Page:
On 6 February 2018, a Tesla Roadster was launched as the mass simulator on the first ever Falcon Heavy launch — putting for the first time ever a car on a Mars-crossing orbit. While undoubtedly a bit of a stunt, the onboard cameras provided an amazing view of our planet Earth as the Starman dummy in the Roadster slowly drifted away from that blue marble, presumably never to be seen again.
This “never” is the point that researchers at the University of Toronto would like to clarify in a paper published after the launch titled The Random Walk of Cars and Their Collision Probabilities with Planets. Using N-body simulations, they come to the conclusion that there’s a 22%, 12%, and 12% chance of the Roadster impacting the Earth, Venus, and the Sun, respectively. But don’t get too excited, it’s not due to happen for a few million years, so it isn’t something any of us will be around to see.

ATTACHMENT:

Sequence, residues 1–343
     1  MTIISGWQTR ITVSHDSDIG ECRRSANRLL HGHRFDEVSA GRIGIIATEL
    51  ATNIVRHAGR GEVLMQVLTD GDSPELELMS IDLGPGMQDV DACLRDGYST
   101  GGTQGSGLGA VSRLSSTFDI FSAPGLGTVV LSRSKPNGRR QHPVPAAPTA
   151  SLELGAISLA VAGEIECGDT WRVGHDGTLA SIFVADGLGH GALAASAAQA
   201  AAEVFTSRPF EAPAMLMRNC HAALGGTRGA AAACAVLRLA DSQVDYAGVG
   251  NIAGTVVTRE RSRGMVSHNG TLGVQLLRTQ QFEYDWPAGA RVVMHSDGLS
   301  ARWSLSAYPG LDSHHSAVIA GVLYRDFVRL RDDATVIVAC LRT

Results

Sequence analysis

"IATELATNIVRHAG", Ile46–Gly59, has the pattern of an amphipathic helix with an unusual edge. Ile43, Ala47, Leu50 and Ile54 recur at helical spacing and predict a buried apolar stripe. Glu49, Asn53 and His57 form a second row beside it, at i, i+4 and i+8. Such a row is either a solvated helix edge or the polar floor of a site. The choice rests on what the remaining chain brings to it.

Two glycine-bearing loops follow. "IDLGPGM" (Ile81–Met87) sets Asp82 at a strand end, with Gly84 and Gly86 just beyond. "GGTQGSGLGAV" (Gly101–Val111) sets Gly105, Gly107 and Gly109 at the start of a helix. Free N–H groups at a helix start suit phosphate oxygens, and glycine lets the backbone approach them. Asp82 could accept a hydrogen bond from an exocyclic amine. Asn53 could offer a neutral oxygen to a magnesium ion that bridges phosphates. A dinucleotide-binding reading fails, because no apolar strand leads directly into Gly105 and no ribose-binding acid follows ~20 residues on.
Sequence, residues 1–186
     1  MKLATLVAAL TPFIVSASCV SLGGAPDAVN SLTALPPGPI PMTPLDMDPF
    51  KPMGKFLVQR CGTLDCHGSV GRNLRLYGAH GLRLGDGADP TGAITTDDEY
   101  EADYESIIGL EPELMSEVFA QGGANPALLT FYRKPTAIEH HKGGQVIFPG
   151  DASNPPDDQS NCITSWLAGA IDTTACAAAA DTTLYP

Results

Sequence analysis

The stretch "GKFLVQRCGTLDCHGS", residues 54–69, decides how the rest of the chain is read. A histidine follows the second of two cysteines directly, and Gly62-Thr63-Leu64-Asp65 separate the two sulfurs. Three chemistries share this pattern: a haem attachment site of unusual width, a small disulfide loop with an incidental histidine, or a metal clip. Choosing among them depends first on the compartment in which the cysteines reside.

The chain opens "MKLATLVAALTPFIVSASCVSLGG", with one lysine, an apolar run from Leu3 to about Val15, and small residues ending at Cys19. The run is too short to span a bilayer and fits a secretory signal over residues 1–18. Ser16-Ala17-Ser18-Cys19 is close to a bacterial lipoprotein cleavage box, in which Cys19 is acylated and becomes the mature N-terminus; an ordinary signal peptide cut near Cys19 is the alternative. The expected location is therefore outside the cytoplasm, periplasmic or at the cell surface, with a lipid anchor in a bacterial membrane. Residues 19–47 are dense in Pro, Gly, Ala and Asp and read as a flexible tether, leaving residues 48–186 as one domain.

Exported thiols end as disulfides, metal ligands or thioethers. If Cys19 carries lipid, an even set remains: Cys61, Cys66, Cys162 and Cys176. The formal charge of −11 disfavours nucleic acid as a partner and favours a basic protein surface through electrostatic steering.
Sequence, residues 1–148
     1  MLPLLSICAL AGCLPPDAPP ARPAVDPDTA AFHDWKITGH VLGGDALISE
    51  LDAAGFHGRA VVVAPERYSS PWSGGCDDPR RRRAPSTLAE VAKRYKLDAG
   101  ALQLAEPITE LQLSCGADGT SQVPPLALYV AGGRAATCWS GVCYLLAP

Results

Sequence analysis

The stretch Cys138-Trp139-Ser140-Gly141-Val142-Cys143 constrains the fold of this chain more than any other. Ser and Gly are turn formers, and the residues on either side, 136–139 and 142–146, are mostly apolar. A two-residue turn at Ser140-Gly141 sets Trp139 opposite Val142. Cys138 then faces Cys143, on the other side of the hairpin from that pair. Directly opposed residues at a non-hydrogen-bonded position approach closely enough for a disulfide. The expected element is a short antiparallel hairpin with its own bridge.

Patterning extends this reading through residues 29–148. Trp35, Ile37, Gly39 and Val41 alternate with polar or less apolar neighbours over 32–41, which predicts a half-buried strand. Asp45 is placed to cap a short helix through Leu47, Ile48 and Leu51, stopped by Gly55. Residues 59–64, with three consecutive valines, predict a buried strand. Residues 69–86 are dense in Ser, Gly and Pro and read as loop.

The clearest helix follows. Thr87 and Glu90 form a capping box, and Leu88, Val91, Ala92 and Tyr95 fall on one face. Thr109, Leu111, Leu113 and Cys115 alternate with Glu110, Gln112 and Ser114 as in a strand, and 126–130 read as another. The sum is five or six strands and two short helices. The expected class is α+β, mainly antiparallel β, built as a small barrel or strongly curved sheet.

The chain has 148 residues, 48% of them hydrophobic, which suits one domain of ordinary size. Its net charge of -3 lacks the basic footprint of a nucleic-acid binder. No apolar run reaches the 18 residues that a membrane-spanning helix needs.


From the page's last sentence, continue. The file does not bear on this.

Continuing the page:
As the Where Is Starman? website shows, the Roadster never reached escape velocity from the Sun’s gravity, meaning that it’s still zipping around in an orbit around our day star. Exposed to the harsh UV and other radiation, it’s likely that very little is left at this point of the Tesla, or Starman himself. Even so, scientists to this day are feeling less than amused by what they see as essentially littering, adding to the discarded rocket stages, dead satellites and other debris that occasionally makes it into the news when it smashes into the Moon, or threatens the ISS.